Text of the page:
Do you go for a white guy? There are a lot of them. Do you have to avoid the ones that have a reputation for going for Asian women, the ones with fantasies of dragon ladies, geisha girls, anatomically flexible Thai bar girls? The ones your girlfriends pointed out to each other at university and said watch out. You go out on a date. You find it slightly suspicious that his favourite movie is ‘the Joy Luck Club’ and he knows not to douse his meal with soy sauce. You’d find that cute if he did that.

Maybe somewhere down the line, you’ve already gotten it, but you want more of it. You’re in a relationship already but the heat has been turned down, past medium, lower than simmer, it’s barely on at all. You can touch your finger to the burner and not scald your skin. That could be the time for an affair, complicated and careful work like an advanced bonsai course: a lot of waiting, a bit of trimming, wondering if what you’e doing will turn into the right form. If it does, good. You’ve got it. Dangerously.

Put your hand to your heart. Man? OK. What are you going to do? Who are going to go for? How much do you listen to your parents anyways? Have you considered if you’re attracted to people on the basis of their race? Do you go for Asians, whites, or others (see above)? Or does it not matter? How can race not matter? Your whole life, people have treated you differently on that basis. How can it not slide over to dangerous sexual matters?

Did you absorb those stereotypes? Do you consider yourself less handsome for the shade of your skin? That the images of public figures that you’ve seen who look like you are classical musicians, kung-fu masters and TV chefs. Why isn’t Brad Pitt Asian? Why did you get stuck with this body that seems so slight in comparison with those other, bigger races? If Asian men are suppose to be so sexless, why are there billions of people in China?**

Regardless of race or gender, if you want to get it, you have to know that you want it. Be confident. Be obsessed even. Not too obsessed, not so you start to leer and grunt at inappropriate occasions, but enough to observe what’s going on about you, to notice what works and what doesn’t work, when a direct approach is going to get you the prize, or when you have to be more circumspect.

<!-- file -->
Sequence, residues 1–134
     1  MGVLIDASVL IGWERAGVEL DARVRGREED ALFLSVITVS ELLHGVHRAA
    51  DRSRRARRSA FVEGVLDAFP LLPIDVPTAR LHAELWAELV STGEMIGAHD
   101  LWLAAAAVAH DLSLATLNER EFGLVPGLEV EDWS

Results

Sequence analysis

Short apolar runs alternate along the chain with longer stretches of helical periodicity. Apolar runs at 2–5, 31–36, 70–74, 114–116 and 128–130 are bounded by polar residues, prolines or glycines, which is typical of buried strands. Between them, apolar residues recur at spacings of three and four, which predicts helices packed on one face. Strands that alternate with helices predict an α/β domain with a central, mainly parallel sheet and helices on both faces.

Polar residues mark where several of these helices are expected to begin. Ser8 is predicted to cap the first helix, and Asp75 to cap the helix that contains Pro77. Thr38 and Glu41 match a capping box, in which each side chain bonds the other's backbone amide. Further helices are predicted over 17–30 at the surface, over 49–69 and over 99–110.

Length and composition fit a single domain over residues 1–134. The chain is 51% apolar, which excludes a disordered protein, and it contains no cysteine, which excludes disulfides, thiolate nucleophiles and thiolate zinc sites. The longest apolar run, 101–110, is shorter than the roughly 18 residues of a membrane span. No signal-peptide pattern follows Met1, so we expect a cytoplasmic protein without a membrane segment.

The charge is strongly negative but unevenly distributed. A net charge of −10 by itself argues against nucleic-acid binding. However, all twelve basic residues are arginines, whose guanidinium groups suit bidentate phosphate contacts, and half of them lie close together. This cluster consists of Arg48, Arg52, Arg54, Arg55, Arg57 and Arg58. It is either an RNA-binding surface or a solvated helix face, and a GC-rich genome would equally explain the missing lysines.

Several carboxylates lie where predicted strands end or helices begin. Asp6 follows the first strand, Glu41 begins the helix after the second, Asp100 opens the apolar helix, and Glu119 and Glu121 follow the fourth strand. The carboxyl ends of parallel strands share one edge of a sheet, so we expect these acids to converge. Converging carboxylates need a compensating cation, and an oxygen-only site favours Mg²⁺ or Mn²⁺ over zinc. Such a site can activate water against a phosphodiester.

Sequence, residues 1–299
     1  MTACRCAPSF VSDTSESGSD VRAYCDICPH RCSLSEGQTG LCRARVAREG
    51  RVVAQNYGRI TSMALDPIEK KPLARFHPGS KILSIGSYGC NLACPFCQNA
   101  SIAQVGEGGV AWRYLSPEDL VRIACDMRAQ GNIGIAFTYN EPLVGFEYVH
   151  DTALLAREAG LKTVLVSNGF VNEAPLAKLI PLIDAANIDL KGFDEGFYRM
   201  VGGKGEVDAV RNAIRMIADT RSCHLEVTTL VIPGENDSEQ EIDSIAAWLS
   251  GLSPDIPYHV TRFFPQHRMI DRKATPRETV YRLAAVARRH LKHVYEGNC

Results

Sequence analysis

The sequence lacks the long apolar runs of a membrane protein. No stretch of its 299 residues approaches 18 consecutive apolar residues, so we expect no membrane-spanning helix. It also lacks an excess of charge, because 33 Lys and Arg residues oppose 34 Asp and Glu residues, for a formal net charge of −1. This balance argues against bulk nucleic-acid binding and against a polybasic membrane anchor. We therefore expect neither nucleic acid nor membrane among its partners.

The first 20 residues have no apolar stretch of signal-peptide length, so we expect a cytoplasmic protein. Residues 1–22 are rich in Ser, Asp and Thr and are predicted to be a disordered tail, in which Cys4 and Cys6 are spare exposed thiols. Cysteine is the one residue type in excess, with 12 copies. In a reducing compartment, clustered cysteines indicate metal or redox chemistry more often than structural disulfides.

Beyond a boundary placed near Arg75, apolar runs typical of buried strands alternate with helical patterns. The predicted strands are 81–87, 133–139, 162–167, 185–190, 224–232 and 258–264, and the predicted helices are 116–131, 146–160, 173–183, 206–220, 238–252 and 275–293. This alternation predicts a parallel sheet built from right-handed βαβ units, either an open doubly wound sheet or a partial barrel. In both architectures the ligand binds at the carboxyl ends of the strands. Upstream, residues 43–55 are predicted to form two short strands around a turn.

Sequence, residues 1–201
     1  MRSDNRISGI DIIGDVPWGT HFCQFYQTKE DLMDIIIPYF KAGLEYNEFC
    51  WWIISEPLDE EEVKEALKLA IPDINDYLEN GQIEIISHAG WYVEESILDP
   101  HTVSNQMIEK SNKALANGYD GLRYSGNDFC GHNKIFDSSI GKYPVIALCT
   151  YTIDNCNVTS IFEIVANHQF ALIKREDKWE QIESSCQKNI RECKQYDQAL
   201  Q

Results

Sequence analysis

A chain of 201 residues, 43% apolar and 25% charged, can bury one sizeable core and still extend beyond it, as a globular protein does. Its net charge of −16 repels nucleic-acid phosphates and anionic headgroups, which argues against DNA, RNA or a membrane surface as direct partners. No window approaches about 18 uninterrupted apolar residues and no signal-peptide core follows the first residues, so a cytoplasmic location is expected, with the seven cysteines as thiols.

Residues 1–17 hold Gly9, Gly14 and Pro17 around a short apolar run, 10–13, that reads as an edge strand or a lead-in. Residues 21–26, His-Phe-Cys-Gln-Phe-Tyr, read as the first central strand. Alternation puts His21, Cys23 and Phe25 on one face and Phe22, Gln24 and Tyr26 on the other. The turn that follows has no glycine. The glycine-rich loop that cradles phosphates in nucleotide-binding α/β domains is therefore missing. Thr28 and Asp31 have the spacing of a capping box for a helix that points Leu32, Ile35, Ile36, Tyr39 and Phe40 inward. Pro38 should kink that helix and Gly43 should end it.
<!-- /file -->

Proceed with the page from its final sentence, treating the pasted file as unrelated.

Listen. If you really want it, maybe you should consider being a gay male. Not all gay men get it, and gay asian men have a few of their own trees fallen in a storm across a highway when you want to get to Memphis. But yes, gay men can get a lot of it, if they want. It’s an odd trade-off between the pleasure of the senses and social equality, but some don’t mind it. You’ll have to contend with the same things straight people do – stereotypes, racism – or maybe even more. The gay sexual economy rates Asians pretty low. You might even have to make sure you’re in the right geographical location. I mean, if you’re in a small town in the middle of the Canada and you’re the only Chinese family for miles, it’s not like people are going to see you and think va-va-voom. They’ll think: restaurants, laundries, corner stores. Or maybe they’ll think: immigration, difference, strangers. You’ll probably have to move somewhere bigger.

It’s true. People get used to people in larger numbers. For a city to love Asians (and that includes sexually), there should be a lot of Asians. It’s likely that in between that stage of one Asian family and a whole population, there will be growing pains. Maybe best not to be there during that period. But it’s like food, which is rather a bit like sex, the same vocabulary of appetite, satiation, sensory overload, indulgence. Say there’s one crappy Thai restaurant, it can serve anything it wants because no one knows the difference. Then say there’s a few more restaurants, a bit of competition, a few more seats, more people familiar with lemon grass and fluffy catfish. Then suddenly there’s a craze. People are wild for Thai food, they can’t get enough, connoisseurs appear. Sometimes, it’s just about familiarity. I guess you could always just go to Asia to get it. I mean not only are Asians attracted to other Asians because they’re surrounded by them, but that extra caché, that smell of Norte Americanismo might make you even more the centre of attention. Be among your people, and be different at the same time. Have your cake, or custard tart, or Malaysian steam cake, or mango pudding. Eat it too.

There’s always bisexuality. It’s a bit more complicated than it sounds, but why not double your chances for a date on a Saturday night?

If you’re still not getting it, maybe you should lower your expectations. Or your standards. Become promiscuous. Tell people that the word ‘promiscuous’ is going out of style and has been replaced by the word ‘prolific.’ Is there something so bad about it? As long as you’re safe and don’t get nasty bug-a-boos and it doesn’t interfere with your ability to love, really love, someone else. What’s the problem?

Of course, all differences should be respected, and maybe you don’t really care about whether you get it or not. And that’s OK.

Or maybe you get it as often and as much as you want. Forget you ever read this.

*This is not meant as a dig at Margaret who I love! She is da best comic if you didn’t know that. However, the writers and producers of her show made it kind of not-funny-enough by not letting her control it, and my family all thought it was funny that because there aren’t a lot of visible Asian actors that her family were all-mix-up, a Japanese actor, a Chinese one, a Korean lead…

**I don’t know if Anthony Wong stole this line from someone else, but I certainly stole it from him.